Last edited 16 Sep 2020




[edit] Introduction

Railings are used on stairs, balconies, galleries, decks, ramps, walkways and so on as a means of providing separation, support and safety.

Railings can be made from a very wide range of materials:

[edit] Balustrade


Railings differ from balusters which are made of stone, wood or metal, which are usually rounded or vase-shaped and support a rail or coping in a balustrade. They are common in classical forms of architecture. The balusters of a stairway together with handrail is known by the term banister.

A survey carried out by stair part specialist Jackson Woodturners revealed that only 15% of the public know the correct name for a balustrade.

NB See SCOSS Alert Dec 2019, Glass balustrades may pose a serious risk to safety.

[edit] Guard rails

Guard rails tend to be a restrictive form of railing, and aim to create the protective limitation of a boundary as opposed to handrails which aim to provide support. Many public spaces are fitted with guardrails as a means of preventing access and maintaining safety.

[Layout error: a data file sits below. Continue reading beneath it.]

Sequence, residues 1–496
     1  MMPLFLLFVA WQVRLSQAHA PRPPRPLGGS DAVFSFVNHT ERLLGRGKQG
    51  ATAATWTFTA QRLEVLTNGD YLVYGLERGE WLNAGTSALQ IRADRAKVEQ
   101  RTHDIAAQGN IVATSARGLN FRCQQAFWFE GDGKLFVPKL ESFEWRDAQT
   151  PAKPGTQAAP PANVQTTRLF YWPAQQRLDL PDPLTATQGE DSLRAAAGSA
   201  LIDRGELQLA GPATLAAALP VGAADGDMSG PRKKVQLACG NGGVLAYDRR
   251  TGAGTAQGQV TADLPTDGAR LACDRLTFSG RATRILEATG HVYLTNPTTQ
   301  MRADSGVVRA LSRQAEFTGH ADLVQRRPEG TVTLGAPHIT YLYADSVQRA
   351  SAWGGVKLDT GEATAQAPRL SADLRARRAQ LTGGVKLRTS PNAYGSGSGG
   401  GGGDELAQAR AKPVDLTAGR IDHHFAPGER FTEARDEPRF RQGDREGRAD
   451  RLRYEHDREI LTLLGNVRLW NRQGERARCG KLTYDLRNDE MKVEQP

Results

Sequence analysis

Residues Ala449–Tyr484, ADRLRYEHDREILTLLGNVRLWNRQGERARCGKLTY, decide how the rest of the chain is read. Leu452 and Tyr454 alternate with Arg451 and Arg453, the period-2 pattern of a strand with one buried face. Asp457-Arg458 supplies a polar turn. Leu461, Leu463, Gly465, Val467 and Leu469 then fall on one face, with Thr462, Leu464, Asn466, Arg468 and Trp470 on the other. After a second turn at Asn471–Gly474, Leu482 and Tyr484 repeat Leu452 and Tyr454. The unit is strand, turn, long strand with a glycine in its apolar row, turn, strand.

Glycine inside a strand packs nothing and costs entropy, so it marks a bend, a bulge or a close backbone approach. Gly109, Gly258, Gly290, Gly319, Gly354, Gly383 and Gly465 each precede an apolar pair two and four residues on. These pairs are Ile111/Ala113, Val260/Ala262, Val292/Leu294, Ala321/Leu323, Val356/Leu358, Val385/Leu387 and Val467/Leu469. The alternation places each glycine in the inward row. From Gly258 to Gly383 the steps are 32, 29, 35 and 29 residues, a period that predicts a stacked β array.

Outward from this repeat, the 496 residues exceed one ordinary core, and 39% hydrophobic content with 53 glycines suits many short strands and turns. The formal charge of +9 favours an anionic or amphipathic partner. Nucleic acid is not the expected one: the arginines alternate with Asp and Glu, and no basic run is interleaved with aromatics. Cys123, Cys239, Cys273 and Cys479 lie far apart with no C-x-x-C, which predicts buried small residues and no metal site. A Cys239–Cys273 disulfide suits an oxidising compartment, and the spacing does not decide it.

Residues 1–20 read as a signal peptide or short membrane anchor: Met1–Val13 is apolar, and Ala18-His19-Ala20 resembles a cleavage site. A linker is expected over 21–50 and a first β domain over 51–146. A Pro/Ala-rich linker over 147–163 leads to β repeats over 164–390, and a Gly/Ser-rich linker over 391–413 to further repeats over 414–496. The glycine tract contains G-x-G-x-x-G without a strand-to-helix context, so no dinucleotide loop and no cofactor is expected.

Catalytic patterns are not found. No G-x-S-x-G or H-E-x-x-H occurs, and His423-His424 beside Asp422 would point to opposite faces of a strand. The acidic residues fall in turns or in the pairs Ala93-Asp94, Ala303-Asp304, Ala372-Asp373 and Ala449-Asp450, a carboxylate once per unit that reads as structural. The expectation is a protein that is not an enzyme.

The Work at Height Regulations 2005 require that, for construction work, railings must have a minimum height of 950 mm and any gap between top and any intermediate rail should not exceed 470 mm.

Approved Document K of the Building Regulations requires that in a building that may be used by young children:

  • The spaces between railings should be close enough together to prevent a 100 mm sphere from passing through.
  • Horizontal rails should be avoided to prevent climbing.

See also Guarding.

[edit] Handrails

Approved document K defines a handrail as ’..a rail, at hand height or a little higher, for people to hold for support.’This can be useful for example when ascending or descending stairs or ramps.

Approved Document K requires that:

  • The top of the handrail should be positioned 900-1000 mm from the pitch line or floor.
  • The handrail may form the top of a guarding as long as the heights are matched.
  • A handrail should be provided on both sides of stairs that are 1 m wide or wider.
  • If stairs are more than 2m wide, then they should be divided into flights of no less than 1,000mm.
  • Handrails should be 50-75 mm away from the wall to which they are attached.
  • Circular handrails should be 32-50 mm in diameter.
  • Non-circular handrails should be 50 mm wide and 39 mm deep, usually with rounded edges.

In addition to this, for buildings other than dwellings:

Handrails for ramps:

In dwellings and common access areas in buildings that contain flats:

NB According to Approved Document K, Protection from falling, collision and impact, 'guarding' is ‘…a barrier that denies pedestrians or vehicles access to another area, for example the floor below’.

[edit] Related articles on Designing Buildings Wiki

[edit] External references

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